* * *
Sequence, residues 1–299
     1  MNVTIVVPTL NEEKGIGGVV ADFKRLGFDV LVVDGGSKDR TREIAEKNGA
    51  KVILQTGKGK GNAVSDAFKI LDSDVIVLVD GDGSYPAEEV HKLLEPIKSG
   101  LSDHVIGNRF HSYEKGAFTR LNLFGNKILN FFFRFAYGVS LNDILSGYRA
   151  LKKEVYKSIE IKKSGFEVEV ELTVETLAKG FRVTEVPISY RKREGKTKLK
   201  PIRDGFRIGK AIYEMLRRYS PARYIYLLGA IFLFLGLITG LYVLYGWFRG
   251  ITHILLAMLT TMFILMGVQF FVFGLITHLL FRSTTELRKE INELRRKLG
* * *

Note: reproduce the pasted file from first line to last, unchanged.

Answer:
Sequence, residues 1–299
     1  MNVTIVVPTL NEEKGIGGVV ADFKRLGFDV LVVDGGSKDR TREIAEKNGA
    51  KVILQTGKGK GNAVSDAFKI LDSDVIVLVD GDGSYPAEEV HKLLEPIKSG
   101  LSDHVIGNRF HSYEKGAFTR LNLFGNKILN FFFRFAYGVS LNDILSGYRA
   151  LKKEVYKSIE IKKSGFEVEV ELTVETLAKG FRVTEVPISY RKREGKTKLK
   201  PIRDGFRIGK AIYEMLRRYS PARYIYLLGA IFLFLGLITG LYVLYGWFRG
   251  ITHILLAMLT TMFILMGVQF FVFGLITHLL FRSTTELRKE INELRRKLG